Additionally, the crimson clover died and left huge gaps in the garden. Sometime in July, the plants started to turn brown because I couldn’t keep up with deadheading and it was quite an eyesore. I slowly removed them and once all of the crimson clover was cleared out, the garden was rather sparse. In the interest of letting the crimson clover grow, I spaced out my other plants more than needed. Once the crimson clover between them was missing, the garden was oddly laid out, excessively spaced and there was just a lot of wasted surface area.
I could have had a more successful vegetable yield if I hadn’t let the crimson clover take up too much space and light. This was a fun experiment overall and I do not regret doing it. However, I wouldn’t do it again nor would I recommend others use the same methods I did.
I think crimson clover would make a great cover crop (that is terminated before summer crops are grown) or as an addition to your garden for the edible flowers! If you get nothing else out of this post, consider it a plug for crimson clover in the garden. It is truly one of my favorite plants to grow now!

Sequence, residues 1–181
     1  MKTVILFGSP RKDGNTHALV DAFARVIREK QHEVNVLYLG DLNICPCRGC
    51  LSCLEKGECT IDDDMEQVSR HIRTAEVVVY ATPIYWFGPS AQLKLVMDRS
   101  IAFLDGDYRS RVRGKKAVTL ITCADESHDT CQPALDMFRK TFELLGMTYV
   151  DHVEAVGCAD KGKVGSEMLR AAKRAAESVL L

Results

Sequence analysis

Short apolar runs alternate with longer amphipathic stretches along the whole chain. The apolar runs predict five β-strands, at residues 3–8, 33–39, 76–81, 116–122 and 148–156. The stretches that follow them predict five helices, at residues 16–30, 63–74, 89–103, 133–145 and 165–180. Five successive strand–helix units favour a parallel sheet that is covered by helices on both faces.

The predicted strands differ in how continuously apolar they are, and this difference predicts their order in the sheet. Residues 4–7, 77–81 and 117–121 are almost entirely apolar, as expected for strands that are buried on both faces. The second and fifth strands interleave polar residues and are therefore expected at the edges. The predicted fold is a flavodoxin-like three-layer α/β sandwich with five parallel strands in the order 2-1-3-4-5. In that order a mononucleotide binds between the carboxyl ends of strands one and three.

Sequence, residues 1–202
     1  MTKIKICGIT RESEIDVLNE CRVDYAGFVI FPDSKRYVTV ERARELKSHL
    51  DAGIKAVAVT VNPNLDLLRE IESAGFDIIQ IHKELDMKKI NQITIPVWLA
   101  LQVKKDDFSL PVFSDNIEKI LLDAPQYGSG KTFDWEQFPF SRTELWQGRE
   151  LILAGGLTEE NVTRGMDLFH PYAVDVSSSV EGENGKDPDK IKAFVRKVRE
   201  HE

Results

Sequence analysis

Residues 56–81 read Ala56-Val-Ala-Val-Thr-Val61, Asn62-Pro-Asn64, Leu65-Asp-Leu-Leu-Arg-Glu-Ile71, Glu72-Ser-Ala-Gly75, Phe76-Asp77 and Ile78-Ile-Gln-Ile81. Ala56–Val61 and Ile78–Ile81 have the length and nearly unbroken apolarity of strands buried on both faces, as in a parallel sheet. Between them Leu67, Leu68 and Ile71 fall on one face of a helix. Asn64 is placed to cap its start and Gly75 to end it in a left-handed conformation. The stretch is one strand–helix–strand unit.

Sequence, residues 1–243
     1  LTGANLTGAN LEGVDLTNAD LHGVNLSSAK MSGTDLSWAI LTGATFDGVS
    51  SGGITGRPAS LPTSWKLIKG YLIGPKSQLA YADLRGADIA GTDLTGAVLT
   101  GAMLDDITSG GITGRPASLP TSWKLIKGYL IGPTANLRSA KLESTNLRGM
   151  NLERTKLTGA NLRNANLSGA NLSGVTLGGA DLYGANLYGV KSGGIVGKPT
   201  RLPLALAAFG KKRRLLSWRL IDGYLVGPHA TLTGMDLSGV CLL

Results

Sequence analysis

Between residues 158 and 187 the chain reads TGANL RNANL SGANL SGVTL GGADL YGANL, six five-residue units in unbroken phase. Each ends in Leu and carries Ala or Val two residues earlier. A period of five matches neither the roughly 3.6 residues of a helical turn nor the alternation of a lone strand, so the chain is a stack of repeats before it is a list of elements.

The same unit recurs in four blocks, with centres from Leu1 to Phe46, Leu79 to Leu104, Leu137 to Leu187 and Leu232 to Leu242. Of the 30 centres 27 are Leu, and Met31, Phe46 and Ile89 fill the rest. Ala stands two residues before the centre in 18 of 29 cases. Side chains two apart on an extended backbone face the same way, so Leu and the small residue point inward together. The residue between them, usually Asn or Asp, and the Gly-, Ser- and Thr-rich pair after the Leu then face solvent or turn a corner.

If you want to grow crimson clover as a live mulch, you need to keep it trimmed low enough to the ground that your other plants get adequate sunlight. It is hardy and won’t die as long as you leave some foliage to photosynthesize.
Live mulch is still an appealing method for mulching a vegetable garden, but I do not yet know what plant would be low enough to the ground and not too invasive for this purpose! Some options I may consider are creeping thyme, culinary thyme or sweet alyssum. Next year I may try again with a different crop in a small part of the garden so it isn’t too overwhelming to manage. For now, I’ll be working on growing my cover crops.
If you try out live mulch in an annual vegetable garden, please let me know how it went! I would love to hear your experience. Happy gardening!